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Pirates of Yorkshire-Friend or Foe?

The mid-17th Century was a difficult time for the people of Yorkshire; the Civil War was over; Charles I had been executed and Oliver Cromwell and his 11 Generals had taken over the country. Many Royalists had lost their lands and ownership had been turned over to Parliamentary supporters who enclosed properties and turned crops to pasture for sheep. English wool was extremely popular in Europe until enclosure reduced fodder and demand for fine wool was taken over by the Spanish. To make things worse poor harvests, floods and drought had reduced crops and available grain. The grain that was available, was quite often purchased by engrossers in bulk from farmers, and stored away to increase prices, which reduced availability to the poor at market. Landlords raised rack rents and started to turn off the poorer families from lands, which forced them to seek work in cities like Leeds, Hull, and York. As many fathers had been killed in the war, mothers, children and the aged turned to begging, prostitution and other criminal pursuits to survive. Other men who had lost their lands and fortunes turned to becoming coney-catchers, highwaymen, footpads, and pirates. The port of Hull was at one stage the second largest import and export port in England behind London, exporting wool and cloth to Europe and the Baltic in return for fish, timber, and wine. Along with the increase in imports and exports came the increase in duties and excise to pay for Cromwell’s standing army. For this reason, traders and ship owners found ways to try to avoid paying them. Captains were hired as Searchers and Tide-waiters employed by the Customs House to check manifestos against goods on ships, but often it was their own ships that they were checking. They would falsify manifestos and carry far more goods than what they claimed. Others would load goods at other docks away from Customs House to escape the export taxes and others would offload far from The Haven. The number of ships docking in The Haven, Hulls oldest port, had tripled and the Humber River was one of the busiest estuaries in England. With so many ships coming and going the environment was ripe for pirates. They would sail out from The Haven or anchor in the river and board other trading ships, transferring goods to their own and then depart for Antwerp, the Baltic or Europe to sell the goods as their own. Pirate ships usually carried far more crew than ordinary ships of a similar size. This meant they could easily outnumber European bound ships. They also altered their ships so that they could carry more cannon than merchant ships of the same size. Stories about pirate brutality meant that many of the most famous pirates had a terrifying reputation to begin with and many were known in the Haven. If identified and caught they would be hanged, but The Haven had its own ways and other merchant seamen knew what would happen to them if they were found reporting to the authorities. The Haven had the considerable advantage of a large population, eager for contraband goods, and the city was at the root of a vast distribution system formed by the rivers Ouse and Trent. Much of the port’s trade was in coal, exported to Holland, and moved coastwise to London, and cargoes of smuggled goods slipped into the town quay in the black holds of ships returning in ballast. Thousands of pirates were active in the 17th Century and these years are sometimes known as the 'Golden Age' of piracy. Famous pirates from this period include Henry Morgan, William 'Captain' Kidd, 'Calico' Jack Rackham, Bartholomew Roberts, Blackbeard (Edward Teach) and Grace O'Malley. Paul Rushworth-Brown is the author of three novels: Skulduggery- An exciting, mysterious, fictional and historically accurate adventure pulls no punches about the life and hardships of peasant farmers living on the moors of Yorkshire in 1590. "Was excellent reading . I intended to read it over the next week but once I started I could NOT put it down . Really enjoyed it !" Winter of Red- Come on this historic journey, which twists, turns and surprises until the very end. If you like history, adventure and intrigue with a dash of spirited love, then you will be engrossed by this tale of a peasant family unexpectedly getting caught up in the ravages of the English Civil War in 1642. "A fictional, historical novel about a loving peasant family caught up in a 1642 shocking Civil War. Humour, romance, adventure and excitement are here to enjoy. A great story. "Dream of Courage- Soon to be released! The much anticipated story of the Rushworth family and their journey out of poverty. King Charles has been executed and England becomes a Republic under the leadership of Oliver Cromwell. Highwaymen, thief-takers, pirates and broggers tell the story in this mysterious and bone chilling historical thriller.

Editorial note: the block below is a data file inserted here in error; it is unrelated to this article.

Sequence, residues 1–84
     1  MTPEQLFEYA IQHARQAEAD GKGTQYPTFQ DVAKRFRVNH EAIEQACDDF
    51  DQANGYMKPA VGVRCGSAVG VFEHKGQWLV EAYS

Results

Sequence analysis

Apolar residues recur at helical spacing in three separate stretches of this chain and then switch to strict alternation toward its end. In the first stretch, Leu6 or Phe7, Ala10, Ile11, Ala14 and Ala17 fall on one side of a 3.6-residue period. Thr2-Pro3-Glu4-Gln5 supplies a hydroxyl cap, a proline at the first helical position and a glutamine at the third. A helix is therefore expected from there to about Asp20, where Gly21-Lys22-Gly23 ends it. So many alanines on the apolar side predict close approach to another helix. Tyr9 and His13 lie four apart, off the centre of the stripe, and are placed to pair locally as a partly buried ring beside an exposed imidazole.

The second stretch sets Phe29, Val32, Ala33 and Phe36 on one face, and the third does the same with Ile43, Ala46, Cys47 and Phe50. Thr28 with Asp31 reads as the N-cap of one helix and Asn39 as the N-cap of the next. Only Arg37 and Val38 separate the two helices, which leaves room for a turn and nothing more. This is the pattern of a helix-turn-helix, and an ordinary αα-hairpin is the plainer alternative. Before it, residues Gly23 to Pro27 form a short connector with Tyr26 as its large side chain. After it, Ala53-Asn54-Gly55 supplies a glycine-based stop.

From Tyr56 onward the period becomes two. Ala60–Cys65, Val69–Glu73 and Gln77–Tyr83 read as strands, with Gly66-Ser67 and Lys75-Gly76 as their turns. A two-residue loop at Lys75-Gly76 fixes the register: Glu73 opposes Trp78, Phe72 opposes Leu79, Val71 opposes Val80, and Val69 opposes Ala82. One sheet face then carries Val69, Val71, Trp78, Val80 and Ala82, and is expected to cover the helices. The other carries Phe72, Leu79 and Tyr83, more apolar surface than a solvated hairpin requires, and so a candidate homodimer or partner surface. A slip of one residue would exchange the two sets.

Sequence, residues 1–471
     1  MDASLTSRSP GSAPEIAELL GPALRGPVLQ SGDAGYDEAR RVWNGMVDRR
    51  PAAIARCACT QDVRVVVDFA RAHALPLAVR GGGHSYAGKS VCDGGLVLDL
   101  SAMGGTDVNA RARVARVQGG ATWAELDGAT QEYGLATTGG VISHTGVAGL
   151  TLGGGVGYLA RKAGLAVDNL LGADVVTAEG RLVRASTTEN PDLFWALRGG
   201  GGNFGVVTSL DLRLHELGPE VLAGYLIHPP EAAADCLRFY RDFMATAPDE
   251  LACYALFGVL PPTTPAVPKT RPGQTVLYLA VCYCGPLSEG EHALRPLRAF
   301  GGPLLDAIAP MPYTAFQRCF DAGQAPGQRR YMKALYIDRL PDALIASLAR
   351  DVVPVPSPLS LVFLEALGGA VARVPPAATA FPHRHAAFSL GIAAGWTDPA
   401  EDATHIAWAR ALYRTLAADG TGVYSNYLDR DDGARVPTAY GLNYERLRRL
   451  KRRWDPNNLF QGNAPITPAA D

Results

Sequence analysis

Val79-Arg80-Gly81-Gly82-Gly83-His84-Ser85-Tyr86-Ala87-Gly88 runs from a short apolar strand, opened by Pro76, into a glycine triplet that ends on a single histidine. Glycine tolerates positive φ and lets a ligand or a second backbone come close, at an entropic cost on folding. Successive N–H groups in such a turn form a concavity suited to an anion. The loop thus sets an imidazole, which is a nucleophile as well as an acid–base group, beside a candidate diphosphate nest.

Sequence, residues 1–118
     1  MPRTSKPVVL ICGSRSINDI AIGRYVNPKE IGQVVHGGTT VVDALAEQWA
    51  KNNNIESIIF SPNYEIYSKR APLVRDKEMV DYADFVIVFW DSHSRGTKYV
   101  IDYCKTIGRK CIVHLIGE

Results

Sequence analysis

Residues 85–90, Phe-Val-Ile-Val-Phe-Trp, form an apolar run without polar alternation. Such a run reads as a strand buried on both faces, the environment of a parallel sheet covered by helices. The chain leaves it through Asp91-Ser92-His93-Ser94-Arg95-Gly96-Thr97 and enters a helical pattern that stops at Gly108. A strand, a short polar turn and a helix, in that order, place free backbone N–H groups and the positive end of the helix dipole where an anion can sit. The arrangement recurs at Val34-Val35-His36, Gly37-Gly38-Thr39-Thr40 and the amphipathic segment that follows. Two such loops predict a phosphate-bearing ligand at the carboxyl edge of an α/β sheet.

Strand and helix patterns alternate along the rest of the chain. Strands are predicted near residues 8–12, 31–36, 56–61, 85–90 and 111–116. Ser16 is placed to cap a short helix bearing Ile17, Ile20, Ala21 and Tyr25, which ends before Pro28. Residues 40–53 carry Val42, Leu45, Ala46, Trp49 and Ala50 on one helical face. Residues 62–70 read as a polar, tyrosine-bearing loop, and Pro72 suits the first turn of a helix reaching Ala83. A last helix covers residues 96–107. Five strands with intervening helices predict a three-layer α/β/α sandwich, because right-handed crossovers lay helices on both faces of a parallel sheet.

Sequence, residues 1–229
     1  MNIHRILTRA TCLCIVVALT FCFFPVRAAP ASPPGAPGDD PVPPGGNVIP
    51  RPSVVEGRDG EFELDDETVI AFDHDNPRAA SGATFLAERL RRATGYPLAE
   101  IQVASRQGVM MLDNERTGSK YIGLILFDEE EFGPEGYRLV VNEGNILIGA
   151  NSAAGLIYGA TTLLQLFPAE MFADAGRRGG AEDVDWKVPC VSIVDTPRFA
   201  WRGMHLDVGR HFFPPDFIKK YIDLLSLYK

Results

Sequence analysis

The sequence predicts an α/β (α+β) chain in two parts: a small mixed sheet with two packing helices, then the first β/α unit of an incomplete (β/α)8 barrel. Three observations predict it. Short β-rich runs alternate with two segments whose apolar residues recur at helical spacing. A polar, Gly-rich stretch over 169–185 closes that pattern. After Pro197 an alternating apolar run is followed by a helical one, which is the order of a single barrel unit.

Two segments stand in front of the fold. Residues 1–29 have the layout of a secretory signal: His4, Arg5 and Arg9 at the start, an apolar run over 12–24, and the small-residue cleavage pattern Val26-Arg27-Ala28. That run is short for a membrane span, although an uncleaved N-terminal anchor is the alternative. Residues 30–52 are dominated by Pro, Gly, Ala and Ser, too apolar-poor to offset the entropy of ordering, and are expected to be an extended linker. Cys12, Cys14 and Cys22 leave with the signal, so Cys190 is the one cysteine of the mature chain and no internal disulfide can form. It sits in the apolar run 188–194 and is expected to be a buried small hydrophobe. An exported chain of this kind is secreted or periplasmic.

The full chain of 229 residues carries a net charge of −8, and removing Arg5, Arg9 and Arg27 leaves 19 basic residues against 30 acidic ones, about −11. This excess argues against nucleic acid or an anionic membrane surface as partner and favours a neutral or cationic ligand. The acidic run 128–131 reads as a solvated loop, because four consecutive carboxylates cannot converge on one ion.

Pirates of Yorkshire-Friend or Foe?

Historical fiction told the way it should be! 

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Novels by Paul Rushworth-Brown

History Unknown

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Photos by David Lambert